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Film Camera question

Discussion in 'Open Discussion' started by aw614, Oct 28, 2012.

  1. aw614

    aw614 Mu-43 Regular

    Mar 19, 2011
    I've been using my dad's Minolta SRT-Super, I've been having the pictures developed lately and I took a few at a car show I went to, with some expired ISO 800 film that I had already loaded on. I also took a few indoor pictures. The indoor pictures I took, looked fine, but the outdoor pictures from the car show I went to look a bit odd with the right side fairly dark. Any idea what this could be? The pictures I took from the car show were near the end of the roll of film. My friend told me it could be a sticky shutter at faster shutter speeds?
    This one came out ok at the show
    Here is an indoor shot I took on the same roll.
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  2. mister_roboto

    mister_roboto Mu-43 Top Veteran

    Jun 14, 2011
    Seattle, WA, USA
    I think your friend is right.

    The shutter I'm assuming was set faster outside than inside with iso 800 and a sunny day- so your shutter is a little sticky or slow a the fast ends.
  3. RT_Panther

    RT_Panther Mu-43 Legend

    May 4, 2011
    I agree too - shutter issues...:frown:
  4. aw614

    aw614 Mu-43 Regular

    Mar 19, 2011
    ugh thanks, I guess I may try to get it repaired as it has sentimental value, I'll try lower iso film and also see too.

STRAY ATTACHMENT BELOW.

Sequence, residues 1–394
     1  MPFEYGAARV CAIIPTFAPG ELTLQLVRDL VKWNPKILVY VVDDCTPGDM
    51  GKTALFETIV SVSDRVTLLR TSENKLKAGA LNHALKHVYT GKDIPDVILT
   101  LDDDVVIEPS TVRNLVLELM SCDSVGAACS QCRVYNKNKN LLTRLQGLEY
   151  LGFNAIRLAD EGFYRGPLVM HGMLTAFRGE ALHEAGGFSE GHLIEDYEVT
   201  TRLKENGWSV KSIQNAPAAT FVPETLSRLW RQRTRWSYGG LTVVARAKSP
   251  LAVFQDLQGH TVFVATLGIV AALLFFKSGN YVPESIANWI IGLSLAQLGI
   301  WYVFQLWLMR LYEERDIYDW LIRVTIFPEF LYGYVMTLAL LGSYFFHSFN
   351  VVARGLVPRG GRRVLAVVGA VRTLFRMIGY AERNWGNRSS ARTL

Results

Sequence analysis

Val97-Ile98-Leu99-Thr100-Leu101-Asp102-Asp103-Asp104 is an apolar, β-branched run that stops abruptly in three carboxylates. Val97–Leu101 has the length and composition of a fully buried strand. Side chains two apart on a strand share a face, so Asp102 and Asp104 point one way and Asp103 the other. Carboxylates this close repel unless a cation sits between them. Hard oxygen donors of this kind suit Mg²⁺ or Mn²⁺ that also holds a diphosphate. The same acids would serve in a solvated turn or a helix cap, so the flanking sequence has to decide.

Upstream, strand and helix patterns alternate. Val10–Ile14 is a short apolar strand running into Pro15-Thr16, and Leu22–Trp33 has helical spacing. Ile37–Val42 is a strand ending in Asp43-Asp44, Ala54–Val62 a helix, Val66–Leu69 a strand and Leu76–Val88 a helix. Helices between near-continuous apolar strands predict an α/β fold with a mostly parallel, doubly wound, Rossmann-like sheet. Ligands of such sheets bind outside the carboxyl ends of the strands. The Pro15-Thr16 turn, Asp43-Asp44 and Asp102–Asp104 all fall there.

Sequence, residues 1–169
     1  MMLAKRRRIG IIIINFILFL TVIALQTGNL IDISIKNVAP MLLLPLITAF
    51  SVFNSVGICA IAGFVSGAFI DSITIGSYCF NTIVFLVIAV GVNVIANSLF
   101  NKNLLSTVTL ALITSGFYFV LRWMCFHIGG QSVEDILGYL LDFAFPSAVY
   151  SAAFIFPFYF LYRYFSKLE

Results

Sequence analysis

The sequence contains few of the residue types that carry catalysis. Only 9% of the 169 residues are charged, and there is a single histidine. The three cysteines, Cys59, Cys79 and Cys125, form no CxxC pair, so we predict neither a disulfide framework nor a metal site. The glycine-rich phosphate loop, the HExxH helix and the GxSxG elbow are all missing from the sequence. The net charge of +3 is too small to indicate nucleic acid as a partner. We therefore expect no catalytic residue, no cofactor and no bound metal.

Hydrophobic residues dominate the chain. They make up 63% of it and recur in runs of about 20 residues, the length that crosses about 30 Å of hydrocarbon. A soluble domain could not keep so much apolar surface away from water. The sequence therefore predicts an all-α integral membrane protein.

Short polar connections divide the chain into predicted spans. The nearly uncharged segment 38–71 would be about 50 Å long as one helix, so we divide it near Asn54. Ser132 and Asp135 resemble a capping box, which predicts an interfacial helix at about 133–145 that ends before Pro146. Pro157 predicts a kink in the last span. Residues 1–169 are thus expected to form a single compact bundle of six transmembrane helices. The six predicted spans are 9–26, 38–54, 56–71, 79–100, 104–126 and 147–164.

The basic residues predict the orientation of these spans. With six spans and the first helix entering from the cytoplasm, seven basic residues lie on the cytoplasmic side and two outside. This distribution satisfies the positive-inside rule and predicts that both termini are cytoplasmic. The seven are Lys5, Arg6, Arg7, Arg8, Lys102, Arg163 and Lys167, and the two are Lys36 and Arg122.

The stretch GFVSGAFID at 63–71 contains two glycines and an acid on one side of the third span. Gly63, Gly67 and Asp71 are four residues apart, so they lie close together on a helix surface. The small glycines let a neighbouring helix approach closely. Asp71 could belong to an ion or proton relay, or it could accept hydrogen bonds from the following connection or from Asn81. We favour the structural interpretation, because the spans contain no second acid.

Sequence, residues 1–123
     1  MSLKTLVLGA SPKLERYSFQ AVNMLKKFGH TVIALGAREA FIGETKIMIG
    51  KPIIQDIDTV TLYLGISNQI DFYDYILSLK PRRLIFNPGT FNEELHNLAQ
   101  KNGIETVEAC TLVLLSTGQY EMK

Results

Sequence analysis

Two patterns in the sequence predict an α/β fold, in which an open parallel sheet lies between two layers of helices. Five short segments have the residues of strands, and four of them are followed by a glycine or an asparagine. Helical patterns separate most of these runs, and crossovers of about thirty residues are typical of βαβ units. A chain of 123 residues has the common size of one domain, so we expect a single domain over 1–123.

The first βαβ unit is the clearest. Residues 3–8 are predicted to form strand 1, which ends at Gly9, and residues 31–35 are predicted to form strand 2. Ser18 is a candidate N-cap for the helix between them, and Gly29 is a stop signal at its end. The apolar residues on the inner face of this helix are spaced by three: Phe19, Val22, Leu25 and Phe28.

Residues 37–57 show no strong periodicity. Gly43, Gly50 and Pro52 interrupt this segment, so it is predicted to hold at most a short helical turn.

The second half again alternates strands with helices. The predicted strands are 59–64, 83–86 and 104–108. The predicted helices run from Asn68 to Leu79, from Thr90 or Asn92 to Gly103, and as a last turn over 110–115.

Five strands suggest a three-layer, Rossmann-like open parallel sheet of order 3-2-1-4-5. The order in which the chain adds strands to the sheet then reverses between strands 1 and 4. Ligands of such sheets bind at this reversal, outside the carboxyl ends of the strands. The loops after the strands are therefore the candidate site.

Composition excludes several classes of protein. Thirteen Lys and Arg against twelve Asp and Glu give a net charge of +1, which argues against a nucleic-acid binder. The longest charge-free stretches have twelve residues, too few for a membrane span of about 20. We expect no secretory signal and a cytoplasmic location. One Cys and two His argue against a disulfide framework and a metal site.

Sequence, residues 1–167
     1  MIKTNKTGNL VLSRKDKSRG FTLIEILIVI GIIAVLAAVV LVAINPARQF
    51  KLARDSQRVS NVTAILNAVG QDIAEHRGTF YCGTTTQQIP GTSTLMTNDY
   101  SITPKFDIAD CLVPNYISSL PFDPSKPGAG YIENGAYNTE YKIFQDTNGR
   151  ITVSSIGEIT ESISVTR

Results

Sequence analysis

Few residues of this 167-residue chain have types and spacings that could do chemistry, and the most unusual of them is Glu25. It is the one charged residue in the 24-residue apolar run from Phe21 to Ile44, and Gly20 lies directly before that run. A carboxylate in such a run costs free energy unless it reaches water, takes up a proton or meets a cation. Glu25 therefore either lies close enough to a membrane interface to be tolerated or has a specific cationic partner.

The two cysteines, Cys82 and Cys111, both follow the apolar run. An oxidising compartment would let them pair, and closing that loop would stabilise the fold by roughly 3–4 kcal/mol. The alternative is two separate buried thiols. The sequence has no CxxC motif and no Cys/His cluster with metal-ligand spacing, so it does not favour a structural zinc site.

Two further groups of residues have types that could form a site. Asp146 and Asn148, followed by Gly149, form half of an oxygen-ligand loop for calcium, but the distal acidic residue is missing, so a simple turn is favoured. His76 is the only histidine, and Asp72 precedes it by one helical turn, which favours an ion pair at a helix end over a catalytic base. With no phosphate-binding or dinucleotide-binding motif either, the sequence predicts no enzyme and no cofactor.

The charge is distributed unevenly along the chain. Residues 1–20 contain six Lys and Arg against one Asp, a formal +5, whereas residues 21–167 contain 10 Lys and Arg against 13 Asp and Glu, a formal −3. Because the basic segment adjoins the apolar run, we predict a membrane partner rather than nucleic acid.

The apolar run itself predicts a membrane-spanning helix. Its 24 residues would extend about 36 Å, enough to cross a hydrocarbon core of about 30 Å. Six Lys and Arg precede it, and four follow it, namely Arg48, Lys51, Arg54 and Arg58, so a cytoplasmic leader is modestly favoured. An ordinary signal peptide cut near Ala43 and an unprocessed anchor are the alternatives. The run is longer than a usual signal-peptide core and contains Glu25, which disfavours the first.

5. kinlau

    kinlau Mu-43 Top Veteran

    Feb 29, 2012
    +1 on the sticky shutter.

    Just use slower film, and remember that you can over-expose by 3 stops on color-neg film and still be fine. The shutter might also loosen up over time.
  6. dwig

    dwig Mu-43 Top Veteran

    Jun 26, 2010
    Key West FL
    It's a shutter problem where the two independent shutter curtains are not traveling at the same speeds. It does not have anything to do with the shutter "sticking" and almost certainly will not improve with use.

    Either the second curtain is running a little fast, or more likely, the first curtain is running a bit slow. As the two travel across the neg during exposure the second is catching up with the first. These curtains travel at exactly the same speed regardless of what shutter speed is set. Changing the shutter speed changes the time delay between the release of the two curtains effectively changing the distance between their two edges. At higher speeds the gap is narrower. When the gap is narrower the effect of one catching up with the other as they travel across the image has a larger percentage change in the gap width and hence a larger effect on the exposure. Use slower films so you can avoid the higher shutter speeds.
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